I keep seeing debates on various pages about loose lead walking. Arguments about equipment, arguments about techniques, its enough to confuse or scare anyone!
For what its worth, here is Jackador’s Monday Musings on having your dog walk nicely on a lead.
So most people think of Loose lead walking (lets just call it LLW from here on in so I don’t have to keep typing loose lead walking J ) as an outdoor exercise. We wait until our pup has had its jabs and then off we go exploring the outside world as much as possible allowing them to sniff and greet everyone and everything and yet at the same time expecting them to walk nicely amongst these new awesome experiences. Isnt this a case of mixed messages?
Hmmmm so lets think of this another way. If I want to teach my dog to recall I wouldn’t go to the big park at the busiest time where the children are all playing, the skateboarders are hanging out, countless dogs are being walked or running after the balls flung for them and expecting my pup to recall? I would start in the house at the quietest time. Short recalls of a few foot! Yet we put our pup on its brand new collar and lead and take them out into the big wide world to learn to walk nicely?
As soon as you are out with your pup they are already overexcited or in no frame of mind to learn so they are already pulling from the off! The collar and lead then become the predictor of an exciting event putting them in that same frame of mind again where they aren’t calm enough to learn.
At Jackador we take an approach where we are coming at things from a few different angles, LLW is part of a bigger picture, a part of helping your pup learn self control and calmness ;
Before even setting foot outside, commence training indoors at home.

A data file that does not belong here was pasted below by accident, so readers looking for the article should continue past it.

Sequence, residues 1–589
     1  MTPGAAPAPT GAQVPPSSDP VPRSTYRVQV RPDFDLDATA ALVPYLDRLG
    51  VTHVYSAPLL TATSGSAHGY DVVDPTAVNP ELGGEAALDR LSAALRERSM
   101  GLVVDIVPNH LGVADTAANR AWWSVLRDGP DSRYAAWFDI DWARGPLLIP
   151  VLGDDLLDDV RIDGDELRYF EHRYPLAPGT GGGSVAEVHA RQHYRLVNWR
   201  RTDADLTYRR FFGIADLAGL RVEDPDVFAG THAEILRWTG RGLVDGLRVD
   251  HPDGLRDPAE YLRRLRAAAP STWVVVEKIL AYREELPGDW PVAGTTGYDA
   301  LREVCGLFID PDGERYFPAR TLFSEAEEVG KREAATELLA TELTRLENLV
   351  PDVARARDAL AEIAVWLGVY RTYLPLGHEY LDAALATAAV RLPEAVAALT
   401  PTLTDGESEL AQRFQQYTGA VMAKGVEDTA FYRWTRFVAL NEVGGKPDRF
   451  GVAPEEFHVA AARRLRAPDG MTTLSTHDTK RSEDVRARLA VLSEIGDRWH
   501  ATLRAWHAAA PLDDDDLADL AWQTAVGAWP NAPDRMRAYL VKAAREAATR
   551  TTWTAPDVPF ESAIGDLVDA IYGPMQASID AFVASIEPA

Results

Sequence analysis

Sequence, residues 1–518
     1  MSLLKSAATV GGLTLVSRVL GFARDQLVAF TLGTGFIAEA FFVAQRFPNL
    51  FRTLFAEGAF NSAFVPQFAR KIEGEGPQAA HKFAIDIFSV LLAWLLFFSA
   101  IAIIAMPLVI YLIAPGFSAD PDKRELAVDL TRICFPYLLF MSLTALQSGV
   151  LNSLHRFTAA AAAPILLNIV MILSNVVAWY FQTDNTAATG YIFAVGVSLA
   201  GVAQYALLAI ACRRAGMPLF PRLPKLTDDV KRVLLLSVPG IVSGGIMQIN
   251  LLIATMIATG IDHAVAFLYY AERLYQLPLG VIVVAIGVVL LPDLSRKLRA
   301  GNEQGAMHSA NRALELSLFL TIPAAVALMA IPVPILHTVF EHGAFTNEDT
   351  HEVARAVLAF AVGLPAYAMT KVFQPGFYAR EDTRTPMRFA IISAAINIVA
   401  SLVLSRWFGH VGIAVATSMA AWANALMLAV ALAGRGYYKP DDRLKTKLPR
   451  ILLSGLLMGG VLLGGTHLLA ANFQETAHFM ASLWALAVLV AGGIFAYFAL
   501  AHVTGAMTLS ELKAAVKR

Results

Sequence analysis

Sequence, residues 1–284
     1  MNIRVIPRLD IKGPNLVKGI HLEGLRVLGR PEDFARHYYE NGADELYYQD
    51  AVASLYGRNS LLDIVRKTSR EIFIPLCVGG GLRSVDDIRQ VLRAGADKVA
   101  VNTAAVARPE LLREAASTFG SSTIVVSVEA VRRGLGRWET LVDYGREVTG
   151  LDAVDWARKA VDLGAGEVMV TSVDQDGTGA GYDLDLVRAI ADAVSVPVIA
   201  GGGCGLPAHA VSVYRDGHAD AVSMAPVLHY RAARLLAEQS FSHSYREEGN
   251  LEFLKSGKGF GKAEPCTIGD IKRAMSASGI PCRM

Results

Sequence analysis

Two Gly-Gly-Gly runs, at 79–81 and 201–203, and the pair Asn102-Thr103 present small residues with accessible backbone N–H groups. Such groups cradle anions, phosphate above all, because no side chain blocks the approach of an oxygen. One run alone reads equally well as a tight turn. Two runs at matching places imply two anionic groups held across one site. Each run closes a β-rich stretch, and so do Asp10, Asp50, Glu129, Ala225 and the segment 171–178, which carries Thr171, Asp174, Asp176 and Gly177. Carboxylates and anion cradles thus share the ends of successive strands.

- From as early as possible get your pup used to the lead/harness/collar going on and off so it doesn’t become a big deal at walk time as this will just add to the excitement and anticipation.
- If its safe to do so, have the lead on and dragging for short periods of time and reward your pup with a tasty treat and some verbal praise when they are by you. Practice with you holding the lead as well, if the lead is loose and the pup is by you- reward!
- Head out into the garden and do the same, on and off lead, reward your pup any time they walk by you.
- Sit and chill with your pup, again reward calm behaviours and reward them being next to you.
- When you do venture outside, keep a distance from other people and dogs to allow your pup to better focus. Reward them for staying with you, giving you their focus. The reality is that whilst we want dogs to socialise, we often get carried away with wanting them to experience everyone and everything with little control. Give them the message from the outset that staying with you is more rewarding then lunging or pulling to get to the other thing.
- Remember puppies have short attention spans. 5 minute training sessions are enough to begin with.
- Introduce a ‘release cue’ for those times where you are stopping training and allowing interactions.
- Gradually build up the degree of distractions.
We do recommend a well fitted harness with front and rear D rings. We often hear people complain that harnesses are designed to make dogs pull. WRONG! There are some harnesses designed for that purpose but it’s a lack of appropriate training and a lack of impulse control that makes dogs pull. Having said that if I am working with a dog that’s a puller, I would much rather have them in a decent harness as it is much less damaging to their windpipe, thyroid, spinal vertebra and eyes than a collar.
With a harness with front and rear clips you can give your dog a clear distinction between training (working) mode and play time for them to sniff and mooch. If you look at assistance dogs and the coats they wear, the coat gives them the signal that they are working. By having a double ended training lead you can use a clip on each D ring to signify training and both clips on the back to signify non LLW training. If you really want to use a collar, you can use a collar for training times and a harness for training breaks so at least you are minimising any damage the pulling is causing.
Remember pups in particular have very short attention spans so expecting them to be able to do long periods of training is just setting them up to fail and us up to be frustrated. Having a work/play system gives you an out when you or they need a break or when the unexpected (sudden big distractions etc) happens.
For dogs, one of the biggest things about their walks is not the walking part! Allowing them to sniff, meander, explore, run are huge. Having the release cue and play signal are ideal for this. Remember to practice recall though (or if need be have your pup on a long line).
Set up your pup to succeed and set up a life long unbreakable bond for you and your dog.